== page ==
- Fans of professional sports teams expect the owners of the team to spend the necessary money to get the players who will help them win a championship. The payrolls of various professional sports teams in the US were divided into thirds, and the number of championships won by teams in each third was compared. Make a complete bar graph of this data. (data from unpublished student statistics class project)
Payroll Ranking Number of Championships Lowest Third 2 Middle Third 7 Highest Third 11 - According to National Geographic, in 1903 there were 307 varieties of corn seed sold by seed houses. In 1983, there were 12 varieties sold be seed houses, the rest no longer being used. Find the sample proportion of varieties of corn seed that was still available in 1983 compared to 1903. Make a complete pie chart. (ngm.nationalgeographic.com/20...ariety-graphic viewed 9/9/13)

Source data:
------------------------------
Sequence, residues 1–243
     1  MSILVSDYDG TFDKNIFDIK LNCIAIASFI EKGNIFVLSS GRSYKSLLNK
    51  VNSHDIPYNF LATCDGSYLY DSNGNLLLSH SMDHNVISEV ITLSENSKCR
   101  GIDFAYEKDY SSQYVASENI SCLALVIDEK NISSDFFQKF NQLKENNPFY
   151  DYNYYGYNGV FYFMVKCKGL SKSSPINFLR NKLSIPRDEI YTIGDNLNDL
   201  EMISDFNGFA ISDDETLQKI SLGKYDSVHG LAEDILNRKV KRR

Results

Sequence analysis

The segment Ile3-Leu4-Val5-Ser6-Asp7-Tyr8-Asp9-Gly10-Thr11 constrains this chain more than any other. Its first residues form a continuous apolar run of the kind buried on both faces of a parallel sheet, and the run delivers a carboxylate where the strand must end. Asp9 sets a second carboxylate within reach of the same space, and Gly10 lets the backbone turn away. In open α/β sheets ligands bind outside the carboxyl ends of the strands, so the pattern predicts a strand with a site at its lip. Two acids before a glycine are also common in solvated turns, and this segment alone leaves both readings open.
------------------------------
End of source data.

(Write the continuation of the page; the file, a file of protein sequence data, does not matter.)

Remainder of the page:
Do you think it is good or bad that there are fewer varieties? Why? - Between 2010 and 2014, two dams on the Elwha River in the Olympic National Park near Port Angeles, WA were removed, allowing salmon to spawn for the first time in that river in 100 years. Assume the weights of 10 Chinook salmon that returned were recorded. These weights are shown in the table below.
41 48 40 43 45 39 35 47 41 51 The purpose of this problem is to find all the statistics using the formulas by hand. Show all work.

Find the mean, variance and standard deviation, and the 5 box plot numbers for this data.